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That theory is valid, for the Indians, but the more modern theory, not associated with the Mormons, explains the archaeological remains of people who are not Amerindians or of Asiatic genetic origins. Nothing to do with supremacism.
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Old 28th January 2014, 23:38
FILIPVS FILIPVS is offline  
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The first African Americans came to Florida in the late 1500s. Most Americans don't realize that African Americans were living in what would become the United States long before the Pilgrims ever landed on Plymouth Rock. The Europeans brought them here from Africa. Most were enslaved in the British Colonies, but there were some free Africans who settled in St. Augustine.

In 1693, the King of Spain wanted to weaken England's rule in the New World. He decreed that slaves who ran away from the British colonies would be free if they converted to Catholicism and declared loyalty to Spain. As this information spread throughout the colonies, many slaves escaped to freedom. Large numbers of these freed slaves helped the Spanish settlers build the Castillo de San Marcos, St. Augustine's great stone fortress.

In 1738, the Spanish governor of Florida, Manuel Montiano, decided to set up a separate town for the free Africans. When Fort Mose was established it became the first free black settlement in America. The location for this settlement was carefully considered. The decision was made to build it two miles north of St. Augustine in a salty marsh, so that it could not act as a military outpost for the town. The settlement around the fort was called Gracia Real de Santa Teresa de Mose to honor the Spanish king (Gracia Real), the patron saint of Spain (Teresa of Avilés), and the Indians of the area who named the place (Mose). It became simply Fort Mose.

Located two miles north of Castillo de San Marcos at St. Augustine, the fort represented a sanctuary offering land and opportunity for African slaves freed from English owners in Carolina and Georgia. The one hundred African Americans who settled in Fort Mose raised food for themselves and other settlements in St. Augustine. They built churches and shops. The men formed their own militia, or military unit. The captain of this militia, Francisco Menendez, was recognized as chief of Fort Mose.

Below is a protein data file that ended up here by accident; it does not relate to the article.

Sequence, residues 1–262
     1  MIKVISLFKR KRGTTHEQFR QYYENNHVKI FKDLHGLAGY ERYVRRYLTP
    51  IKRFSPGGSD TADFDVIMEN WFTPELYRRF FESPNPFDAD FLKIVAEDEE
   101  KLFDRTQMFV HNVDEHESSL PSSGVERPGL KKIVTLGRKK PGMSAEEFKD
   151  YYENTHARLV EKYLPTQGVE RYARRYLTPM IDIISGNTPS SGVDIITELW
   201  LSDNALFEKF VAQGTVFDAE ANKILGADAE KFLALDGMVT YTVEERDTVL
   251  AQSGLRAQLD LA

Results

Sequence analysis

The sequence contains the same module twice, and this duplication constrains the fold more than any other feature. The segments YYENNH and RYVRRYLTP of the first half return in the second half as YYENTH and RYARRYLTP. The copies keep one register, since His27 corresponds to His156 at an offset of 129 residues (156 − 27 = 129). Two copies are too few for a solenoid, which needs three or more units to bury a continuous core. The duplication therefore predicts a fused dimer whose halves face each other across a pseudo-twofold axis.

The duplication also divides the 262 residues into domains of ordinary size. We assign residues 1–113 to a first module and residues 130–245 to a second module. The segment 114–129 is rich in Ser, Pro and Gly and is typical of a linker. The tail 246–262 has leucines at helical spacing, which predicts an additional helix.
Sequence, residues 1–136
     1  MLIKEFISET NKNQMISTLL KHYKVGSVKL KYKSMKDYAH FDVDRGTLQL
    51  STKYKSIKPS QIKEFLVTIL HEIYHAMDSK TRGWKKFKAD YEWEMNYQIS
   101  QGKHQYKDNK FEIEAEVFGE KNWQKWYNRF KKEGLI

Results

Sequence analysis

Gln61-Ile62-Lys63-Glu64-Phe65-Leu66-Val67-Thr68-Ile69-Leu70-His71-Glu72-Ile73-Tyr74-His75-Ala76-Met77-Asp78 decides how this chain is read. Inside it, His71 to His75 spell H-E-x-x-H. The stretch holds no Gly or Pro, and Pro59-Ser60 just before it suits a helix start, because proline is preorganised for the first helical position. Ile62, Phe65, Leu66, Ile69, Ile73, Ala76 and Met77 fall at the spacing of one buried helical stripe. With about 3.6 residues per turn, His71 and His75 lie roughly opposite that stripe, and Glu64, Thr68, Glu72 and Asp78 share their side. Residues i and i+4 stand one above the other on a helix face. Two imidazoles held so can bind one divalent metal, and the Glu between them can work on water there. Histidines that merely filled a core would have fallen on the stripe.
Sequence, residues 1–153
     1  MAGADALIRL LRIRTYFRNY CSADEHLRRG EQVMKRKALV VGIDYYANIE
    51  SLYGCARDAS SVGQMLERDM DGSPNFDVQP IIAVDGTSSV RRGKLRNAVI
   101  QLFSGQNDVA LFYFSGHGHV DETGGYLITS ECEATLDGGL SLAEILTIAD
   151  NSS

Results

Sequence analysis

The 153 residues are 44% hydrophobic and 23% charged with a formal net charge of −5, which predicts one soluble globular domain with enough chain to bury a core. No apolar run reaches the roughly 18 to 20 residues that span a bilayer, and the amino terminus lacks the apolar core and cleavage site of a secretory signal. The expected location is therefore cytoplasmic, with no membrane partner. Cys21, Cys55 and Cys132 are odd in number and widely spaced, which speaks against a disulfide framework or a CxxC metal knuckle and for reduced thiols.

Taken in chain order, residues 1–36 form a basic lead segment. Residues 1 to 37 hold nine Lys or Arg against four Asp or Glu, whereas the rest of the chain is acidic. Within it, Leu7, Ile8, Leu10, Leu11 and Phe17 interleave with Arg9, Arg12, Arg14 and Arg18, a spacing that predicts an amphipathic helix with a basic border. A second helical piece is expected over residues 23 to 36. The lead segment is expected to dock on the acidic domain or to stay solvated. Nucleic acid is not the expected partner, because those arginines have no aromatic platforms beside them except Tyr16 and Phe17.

In 1740, the Fort Mose militia and Spanish soldiers defended St. Augustine and the surrounding area when James Olgethorpe attacked them. Most of Fort Mose was destroyed during the attack.

The battle for Fort Mose.

A second Fort Mose was built, but it never really thrived. After the British gained control of Florida in 1763, the inhabitants of Fort Mose, along with most of the Spanish settlers, fled to Cuba.

Fort Mose was the first free African American settlement in America. Today, it is a National Historical landmark on the Florida Black Heritage Trail. Artifacts found on the site reveal the rich culture and traditions of this historical settlement.

http://www.pbchistoryonline.org/midd...Fort_Mose1.htm
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  #14  
Old 29th January 2014, 01:08
trotterdotpom trotterdotpom is offline  
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FilipVs: "The first African Americans came to Florida in the late 1500s. Most Americans don't realize that African Americans were living in what would become the United States long before the Pilgrims ever landed on Plymouth Rock. The Europeans brought them here from Africa. Most were enslaved in the British Colonies, but there were some free Africans who settled in St. Augustine."

That was big of the Spanish to take free Africans to Florida, also sounds a bit far fetched.

I found this on an American timeline of colonisation:

1619
• The first session of the first colonial legislative assembly, the Virginia House of Burgesses, convenes in Jamestown.
• Slavery begins in the colonies, as twenty Africans are brought by a Dutch ship to Jamestown for sale as indentured servants.

I also found that there was a failed Spanish settlement in Chesapeake Bay (Ajácan Mission), that is fairly close to the Lost Colony of Roanoake - I think we can make an intelligent guess as to where that poisoned paella came from!

John T
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Old 29th January 2014, 02:28
Wallace Slough Wallace Slough is offline  
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#10
Dave
I was surprised by your comment, "I am proud to say (probably as a result of this melding of peoples) that racism is not present in Mexico." While I haven't spent time in Mexico for many years, my Aunt's family had cattle and sheep ranches on the Baja peninsula, and were Spanish Basque by origin. I believe their Rancho San Valentin is still in the family today. They were very proud of their Spanish origin, and were sure to let you know they were not of Indian, as they termed it, origin. Perhaps time has changed the interracial actions of Mexicans, but I remember how proud their family was of being Spanish Basque.